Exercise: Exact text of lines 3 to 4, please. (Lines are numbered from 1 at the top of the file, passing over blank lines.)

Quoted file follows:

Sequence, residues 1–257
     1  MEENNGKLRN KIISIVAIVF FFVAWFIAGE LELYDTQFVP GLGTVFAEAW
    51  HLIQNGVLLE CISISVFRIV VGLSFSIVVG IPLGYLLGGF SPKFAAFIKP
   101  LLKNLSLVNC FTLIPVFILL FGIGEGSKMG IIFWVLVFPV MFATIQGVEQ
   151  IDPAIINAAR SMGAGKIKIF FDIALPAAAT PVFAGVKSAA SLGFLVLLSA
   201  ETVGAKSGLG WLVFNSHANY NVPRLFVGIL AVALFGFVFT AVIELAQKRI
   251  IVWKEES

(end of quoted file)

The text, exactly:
    51  HLIQNGVLLE CISISVFRIV VGLSFSIVVG IPLGYLLGGF SPKFAAFIKP
   101  LLKNLSLVNC FTLIPVFILL FGIGEGSKMG IIFWVLVFPV MFATIQGVEQ